With multiple cities boasting populations exceeding one million, it’s no surprise that Nigeria is one of the world’s most populous countries. Its largest city, Lagos, contributes 9 million residents to the total population, while there are also 79 cities with a minimum population of 100,000 and 249 cities with populations greater than 10,000.
More than half of Nigeria’s population, 52%, live in rural areas. While this is a relatively high percentage, rural people have declined in recent years, falling from 85% in 1960. This decrease in numbers is most likely due to issues in Nigeria’s rural areas, such as a lack of or sporadic electricity, sanitary conditions, and, of course, a lack of industry. Many natives are migrating to urbanized, developed areas to take advantage of job opportunities and to avoid the poverty that can be found in many of the country’s smaller cities and villages.
Nigeria has eight cities with populations greater than one million, 81 cities between 100,000 and one million, and 248 cities with populations between 10,000 and 100,000. Lagos, Nigeria’s biggest city, has a population of people.
This article examines Nigeria’s largest city in terms of population and land mass separately. Depending on the context, each of these metrics could be used to differentiate the size of a city and should not be confused with one another. A landmass is a large region or area of land, whereas a population is a subgroup of individuals within the same species that live and breed in the same geographic area.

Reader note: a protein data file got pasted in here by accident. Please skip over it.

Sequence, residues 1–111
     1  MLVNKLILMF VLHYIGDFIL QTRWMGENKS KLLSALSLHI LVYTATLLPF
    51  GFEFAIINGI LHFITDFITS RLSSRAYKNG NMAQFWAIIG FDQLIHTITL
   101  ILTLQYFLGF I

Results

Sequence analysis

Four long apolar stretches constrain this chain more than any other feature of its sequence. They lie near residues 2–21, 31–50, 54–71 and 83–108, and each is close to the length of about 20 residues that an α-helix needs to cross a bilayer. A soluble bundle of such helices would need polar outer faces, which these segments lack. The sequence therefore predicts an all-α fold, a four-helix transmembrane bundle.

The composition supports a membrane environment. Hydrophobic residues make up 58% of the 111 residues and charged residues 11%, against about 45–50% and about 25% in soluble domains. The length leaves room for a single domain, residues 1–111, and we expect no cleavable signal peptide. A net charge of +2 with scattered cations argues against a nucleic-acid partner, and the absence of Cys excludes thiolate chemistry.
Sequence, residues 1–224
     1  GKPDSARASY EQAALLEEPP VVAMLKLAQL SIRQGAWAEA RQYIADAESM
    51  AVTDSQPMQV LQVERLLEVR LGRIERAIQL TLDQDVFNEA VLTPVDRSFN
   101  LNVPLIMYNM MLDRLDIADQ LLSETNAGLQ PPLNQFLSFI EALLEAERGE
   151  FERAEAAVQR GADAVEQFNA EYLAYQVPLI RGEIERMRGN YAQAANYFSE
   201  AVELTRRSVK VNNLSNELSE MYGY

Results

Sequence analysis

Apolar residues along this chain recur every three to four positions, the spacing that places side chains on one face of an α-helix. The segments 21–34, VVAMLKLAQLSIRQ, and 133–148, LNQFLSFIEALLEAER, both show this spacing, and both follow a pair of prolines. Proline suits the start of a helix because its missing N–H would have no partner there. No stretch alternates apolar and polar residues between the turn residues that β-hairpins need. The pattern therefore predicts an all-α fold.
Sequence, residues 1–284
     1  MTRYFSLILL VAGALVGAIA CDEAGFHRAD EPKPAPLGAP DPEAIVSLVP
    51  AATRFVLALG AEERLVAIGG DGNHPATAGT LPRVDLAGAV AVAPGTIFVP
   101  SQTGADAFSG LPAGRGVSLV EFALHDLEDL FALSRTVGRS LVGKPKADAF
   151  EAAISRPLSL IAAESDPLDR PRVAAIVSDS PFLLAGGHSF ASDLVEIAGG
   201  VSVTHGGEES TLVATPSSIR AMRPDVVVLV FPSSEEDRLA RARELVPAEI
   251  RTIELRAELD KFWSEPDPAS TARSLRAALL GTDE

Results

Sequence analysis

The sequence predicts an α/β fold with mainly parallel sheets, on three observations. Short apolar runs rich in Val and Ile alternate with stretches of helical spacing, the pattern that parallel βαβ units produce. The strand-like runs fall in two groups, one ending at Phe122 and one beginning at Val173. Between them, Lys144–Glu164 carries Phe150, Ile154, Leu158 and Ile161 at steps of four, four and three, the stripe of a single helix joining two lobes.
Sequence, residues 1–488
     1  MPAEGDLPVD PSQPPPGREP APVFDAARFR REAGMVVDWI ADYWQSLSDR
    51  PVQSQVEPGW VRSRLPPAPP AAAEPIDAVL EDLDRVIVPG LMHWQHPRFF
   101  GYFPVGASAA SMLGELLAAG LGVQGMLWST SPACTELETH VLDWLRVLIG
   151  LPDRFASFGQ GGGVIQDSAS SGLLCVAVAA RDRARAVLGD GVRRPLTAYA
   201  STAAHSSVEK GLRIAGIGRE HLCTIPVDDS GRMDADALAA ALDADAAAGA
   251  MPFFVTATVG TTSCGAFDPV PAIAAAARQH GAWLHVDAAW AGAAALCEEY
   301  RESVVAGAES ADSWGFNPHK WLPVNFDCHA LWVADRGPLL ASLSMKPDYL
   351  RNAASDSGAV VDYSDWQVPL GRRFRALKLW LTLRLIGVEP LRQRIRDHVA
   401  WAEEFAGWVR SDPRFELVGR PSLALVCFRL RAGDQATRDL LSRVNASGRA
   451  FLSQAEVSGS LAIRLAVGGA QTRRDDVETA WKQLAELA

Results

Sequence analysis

Below are the six (6) largest cities in Nigeria by population and landmass.
Largest Cities in Nigeria by Population
1. Lagos (9,000,000 people)
Lagos, Nigeria’s biggest city and the second-most populous city in Africa, is located in Lagos State, the state with the second-largest population in Nigeria. This soon-to-be Mega-City serves as the economic capital of West Africa, attracting domestic and international investors due to its numerous opportunities.